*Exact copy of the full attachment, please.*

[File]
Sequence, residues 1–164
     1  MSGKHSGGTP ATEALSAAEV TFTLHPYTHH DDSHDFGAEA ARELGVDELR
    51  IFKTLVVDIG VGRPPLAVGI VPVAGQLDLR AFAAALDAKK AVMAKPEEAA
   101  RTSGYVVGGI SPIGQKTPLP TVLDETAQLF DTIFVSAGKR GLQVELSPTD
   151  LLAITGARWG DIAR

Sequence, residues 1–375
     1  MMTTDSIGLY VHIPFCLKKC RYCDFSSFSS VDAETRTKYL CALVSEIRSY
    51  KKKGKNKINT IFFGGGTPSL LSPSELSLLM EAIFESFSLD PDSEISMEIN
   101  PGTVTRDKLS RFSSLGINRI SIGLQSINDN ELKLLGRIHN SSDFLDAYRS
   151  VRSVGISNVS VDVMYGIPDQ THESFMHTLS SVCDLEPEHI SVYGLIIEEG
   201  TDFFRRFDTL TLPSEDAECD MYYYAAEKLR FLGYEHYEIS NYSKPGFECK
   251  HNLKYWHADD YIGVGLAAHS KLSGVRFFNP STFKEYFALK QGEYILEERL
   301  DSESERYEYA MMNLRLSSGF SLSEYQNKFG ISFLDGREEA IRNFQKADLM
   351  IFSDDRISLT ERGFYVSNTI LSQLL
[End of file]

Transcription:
Sequence, residues 1–164
     1  MSGKHSGGTP ATEALSAAEV TFTLHPYTHH DDSHDFGAEA ARELGVDELR
    51  IFKTLVVDIG VGRPPLAVGI VPVAGQLDLR AFAAALDAKK AVMAKPEEAA
   101  RTSGYVVGGI SPIGQKTPLP TVLDETAQLF DTIFVSAGKR GLQVELSPTD
   151  LLAITGARWG DIAR

Sequence, residues 1–375
     1  MMTTDSIGLY VHIPFCLKKC RYCDFSSFSS VDAETRTKYL CALVSEIRSY
    51  KKKGKNKINT IFFGGGTPSL LSPSELSLLM EAIFESFSLD PDSEISMEIN
   101  PGTVTRDKLS RFSSLGINRI SIGLQSINDN ELKLLGRIHN SSDFLDAYRS
   151  VRSVGISNVS VDVMYGIPDQ THESFMHTLS SVCDLEPEHI SVYGLIIEEG
   201  TDFFRRFDTL TLPSEDAECD MYYYAAEKLR FLGYEHYEIS NYSKPGFECK
   251  HNLKYWHADD YIGVGLAAHS KLSGVRFFNP STFKEYFALK QGEYILEERL
   301  DSESERYEYA MMNLRLSSGF SLSEYQNKFG ISFLDGREEA IRNFQKADLM
   351  IFSDDRISLT ERGFYVSNTI LSQLL